Interim measures: how to get ahead as temporary senior manager
The interim management industry provides an often hidden, but essential role supporting the UK economy. Interims are proven senior executives that can be deployed on a short-term basis to support an organisation during a period of change, transition or crisis.
Tom Legard, consultant and industrial manufacturing specialist at Odgers Interim, provides his advice to senior executives considering a career change from permanent to interim work.
What is motivating the move to interims?
Companies are using interims far more strategically and some of the challenges we see in the market – such reducing cost pressures, driving productivity, or supply chain transformation projects – all require specialist skills and experience to address properly. These requirements are opportunities for interims managers to come in for a temporary period, draw on their industry expertise and deliver the project or initiative.
A major shift in your mind-set will be required
The client will be turning to you as the expert. You will be expected to roll up your sleeves and get stuck in. You and your experience are a valued product and business in your own right, meaning you need to take time to identify what makes you different from the rest of the market – your USPs – and learn how to sell yourself effectively to prospective clients.
Your track record counts
All industries require bespoke sets of skills and experience to navigate, but also an appreciation of the industry culture and what it takes to get a job done. That robust and evidence-based approach to recruitment should be reflected in your CV and interview style. In interim management, people often say that ‘you are only as good as your last job’. This puts further emphasis on making sure that you build, but also leverage your track record in industry.
A simplistic, but effective, technique is to structure your CV using bullet points to highlight experience on a ‘feature and benefit’ basis, that clearly signposts your experience and provides a clear record of achievements. Signposting your experience during interview and providing a clear record of achievements that are relevant to the role will help demonstrate that you are the right candidate for the job.
Don’t forget creating strong connections
You can find yourself working closely with or reporting to a group of people on one project for anything from just a few months to a year or more. While the role might be relatively short term, you can’t forget the importance of building a good relationship with the business to be effective. You’ll rarely be operating alone, so make sure that you consider the chemistry you have with the interview team, but also have the right cultural fit with the business.
You will need to ‘hit the ground running’ on every assignment
More often than not, interims are appointed at short notice; whether they urgently need a position to be filled after a departure, or a new project has been rushed to the front of the queue and requires an expert to lead it. As such, you should expect the process to run quite quickly if you are shortlisted for a role and with little time between brief, interview and appointment. Therefore, you need use whatever time you get to research the role fully.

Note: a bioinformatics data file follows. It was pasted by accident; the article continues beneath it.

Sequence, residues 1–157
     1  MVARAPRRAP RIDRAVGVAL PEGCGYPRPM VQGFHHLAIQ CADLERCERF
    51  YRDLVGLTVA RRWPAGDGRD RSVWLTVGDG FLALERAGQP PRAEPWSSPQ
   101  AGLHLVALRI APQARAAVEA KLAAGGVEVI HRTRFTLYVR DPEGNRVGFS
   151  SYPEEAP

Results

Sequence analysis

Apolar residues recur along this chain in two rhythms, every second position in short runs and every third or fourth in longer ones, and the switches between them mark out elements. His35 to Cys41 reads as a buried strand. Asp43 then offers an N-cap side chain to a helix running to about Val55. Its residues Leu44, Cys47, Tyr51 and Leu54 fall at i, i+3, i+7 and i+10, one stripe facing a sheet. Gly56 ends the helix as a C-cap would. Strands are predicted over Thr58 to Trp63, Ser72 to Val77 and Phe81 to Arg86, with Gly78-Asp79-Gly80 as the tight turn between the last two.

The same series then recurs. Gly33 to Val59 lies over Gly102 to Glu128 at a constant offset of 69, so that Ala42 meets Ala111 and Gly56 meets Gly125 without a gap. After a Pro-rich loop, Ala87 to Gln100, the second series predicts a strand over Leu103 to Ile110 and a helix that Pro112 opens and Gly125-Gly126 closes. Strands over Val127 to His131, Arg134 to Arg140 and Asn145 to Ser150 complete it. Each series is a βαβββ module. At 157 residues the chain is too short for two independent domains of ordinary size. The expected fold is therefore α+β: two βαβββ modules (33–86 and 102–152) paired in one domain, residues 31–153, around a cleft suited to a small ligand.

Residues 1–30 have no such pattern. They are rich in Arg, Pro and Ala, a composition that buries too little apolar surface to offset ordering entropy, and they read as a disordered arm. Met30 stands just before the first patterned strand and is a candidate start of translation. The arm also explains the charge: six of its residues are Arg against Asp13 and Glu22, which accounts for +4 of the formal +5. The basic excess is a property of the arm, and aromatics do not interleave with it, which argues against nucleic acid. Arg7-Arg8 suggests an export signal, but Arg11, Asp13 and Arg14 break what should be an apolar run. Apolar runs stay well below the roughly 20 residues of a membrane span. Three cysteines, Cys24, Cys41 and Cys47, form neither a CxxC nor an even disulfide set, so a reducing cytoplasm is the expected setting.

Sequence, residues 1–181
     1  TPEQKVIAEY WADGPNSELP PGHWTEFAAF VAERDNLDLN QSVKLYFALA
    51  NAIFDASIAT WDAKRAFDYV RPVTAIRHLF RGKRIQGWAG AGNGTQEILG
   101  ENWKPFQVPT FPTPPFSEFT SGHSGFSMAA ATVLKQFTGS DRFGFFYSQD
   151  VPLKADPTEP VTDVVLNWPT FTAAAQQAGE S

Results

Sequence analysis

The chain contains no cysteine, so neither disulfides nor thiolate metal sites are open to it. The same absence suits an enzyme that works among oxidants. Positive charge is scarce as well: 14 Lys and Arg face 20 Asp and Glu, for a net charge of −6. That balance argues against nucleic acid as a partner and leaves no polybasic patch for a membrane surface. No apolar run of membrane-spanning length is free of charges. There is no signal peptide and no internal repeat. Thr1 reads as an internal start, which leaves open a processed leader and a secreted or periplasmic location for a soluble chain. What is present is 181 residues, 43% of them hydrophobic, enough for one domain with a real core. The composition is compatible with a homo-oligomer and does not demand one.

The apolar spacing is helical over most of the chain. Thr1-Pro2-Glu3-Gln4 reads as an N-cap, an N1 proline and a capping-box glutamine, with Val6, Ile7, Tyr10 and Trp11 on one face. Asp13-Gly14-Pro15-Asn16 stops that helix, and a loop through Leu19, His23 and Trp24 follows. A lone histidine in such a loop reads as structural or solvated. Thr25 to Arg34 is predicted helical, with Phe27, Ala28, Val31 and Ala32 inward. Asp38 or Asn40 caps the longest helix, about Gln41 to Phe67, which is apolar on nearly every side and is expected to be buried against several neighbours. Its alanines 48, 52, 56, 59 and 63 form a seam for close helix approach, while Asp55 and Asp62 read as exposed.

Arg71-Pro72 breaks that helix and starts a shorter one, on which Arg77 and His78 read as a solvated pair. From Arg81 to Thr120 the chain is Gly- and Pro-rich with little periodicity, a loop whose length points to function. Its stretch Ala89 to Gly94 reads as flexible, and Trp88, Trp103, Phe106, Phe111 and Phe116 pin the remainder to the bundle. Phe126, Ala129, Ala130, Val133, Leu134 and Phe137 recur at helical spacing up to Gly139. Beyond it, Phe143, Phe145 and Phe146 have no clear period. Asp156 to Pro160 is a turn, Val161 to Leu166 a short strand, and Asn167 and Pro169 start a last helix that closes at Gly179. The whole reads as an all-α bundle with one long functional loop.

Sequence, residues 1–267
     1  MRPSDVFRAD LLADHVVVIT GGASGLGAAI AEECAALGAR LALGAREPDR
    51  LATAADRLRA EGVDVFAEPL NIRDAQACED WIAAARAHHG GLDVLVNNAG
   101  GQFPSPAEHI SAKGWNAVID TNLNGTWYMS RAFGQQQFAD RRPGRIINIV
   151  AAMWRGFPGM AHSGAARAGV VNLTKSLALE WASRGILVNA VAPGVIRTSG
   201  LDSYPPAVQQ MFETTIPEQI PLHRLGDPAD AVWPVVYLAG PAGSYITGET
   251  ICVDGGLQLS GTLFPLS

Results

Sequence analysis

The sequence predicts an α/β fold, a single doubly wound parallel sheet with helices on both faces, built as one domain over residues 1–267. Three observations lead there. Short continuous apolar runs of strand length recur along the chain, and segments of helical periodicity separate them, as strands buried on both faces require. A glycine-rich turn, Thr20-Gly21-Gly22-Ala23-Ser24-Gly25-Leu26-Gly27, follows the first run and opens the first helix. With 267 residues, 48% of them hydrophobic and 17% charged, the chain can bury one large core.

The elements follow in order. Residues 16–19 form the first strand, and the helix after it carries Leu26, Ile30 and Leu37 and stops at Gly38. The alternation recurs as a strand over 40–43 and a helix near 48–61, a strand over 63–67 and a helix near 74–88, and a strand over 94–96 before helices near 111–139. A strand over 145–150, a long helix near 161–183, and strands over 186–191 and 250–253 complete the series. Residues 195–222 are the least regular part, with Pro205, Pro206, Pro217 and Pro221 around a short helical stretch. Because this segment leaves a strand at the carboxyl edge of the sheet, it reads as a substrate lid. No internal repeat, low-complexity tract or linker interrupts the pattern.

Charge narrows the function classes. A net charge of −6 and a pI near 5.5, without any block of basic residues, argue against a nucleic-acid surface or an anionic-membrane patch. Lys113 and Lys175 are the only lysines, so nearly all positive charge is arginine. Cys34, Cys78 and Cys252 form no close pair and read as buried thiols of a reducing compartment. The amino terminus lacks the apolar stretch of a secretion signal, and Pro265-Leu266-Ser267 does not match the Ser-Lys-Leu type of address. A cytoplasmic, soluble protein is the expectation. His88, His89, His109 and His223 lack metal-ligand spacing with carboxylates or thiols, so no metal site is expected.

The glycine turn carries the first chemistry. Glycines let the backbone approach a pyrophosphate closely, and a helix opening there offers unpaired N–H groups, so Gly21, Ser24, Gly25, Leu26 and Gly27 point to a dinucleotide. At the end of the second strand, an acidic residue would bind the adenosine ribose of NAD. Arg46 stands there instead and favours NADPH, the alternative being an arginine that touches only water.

Making tough decisions will be expected
Interims are needed to make tough decisions, so a tough skin is required. Often, these are the decisions that the business might not want to make or can’t. It is your job to leverage your experience and insight to make the best decision for the business. Once your contract is up, you will have put your own mark on the company, but also left the relationship between management team and their employees intact.
It can be hard, but gratifying, not being an ‘employee’ anymore
Interim pay can be high compared to your permanent colleagues. However, the premium reflects the sometimes last-minute and sporadic nature of the work, the experience and skill set you bring to a client as well as compensating for the loss of benefits you would have enjoyed as a full-time employee. The career also brings with it new tax considerations. Interims work through their own limited companies and with this you’ll need to invest more time in managing your own finances and pay close attention to developments from HMRC.
You are only as good as your last assignment
The interim market can be a ‘small world’ so be aware that both CEOs and management will often speak to each other and talk about their experiences of working with an interim. It could be how they helped them out of a tight spot or of the great work that they did and this can work its way through the market. So remember, your reputation as an interim will precede you. Always stay professional, make sure you give each task your all and put your best foot forward every time.
You’ll need to think differently about your career
Interim work can be inconsistent. This transition from a permanent role to project-based work can be emotionally challenging and be difficult during the downtime between projects. Time and money need to be invested in networking and building your own contacts to secure future work. This needs to be a continual process. It is worth getting to know agencies that specialise in your sector, but also reach out to former colleagues, customers, competitors and suppliers.
Tom Legard is a consultant and industrial manufacturing specialist at Odgers Interim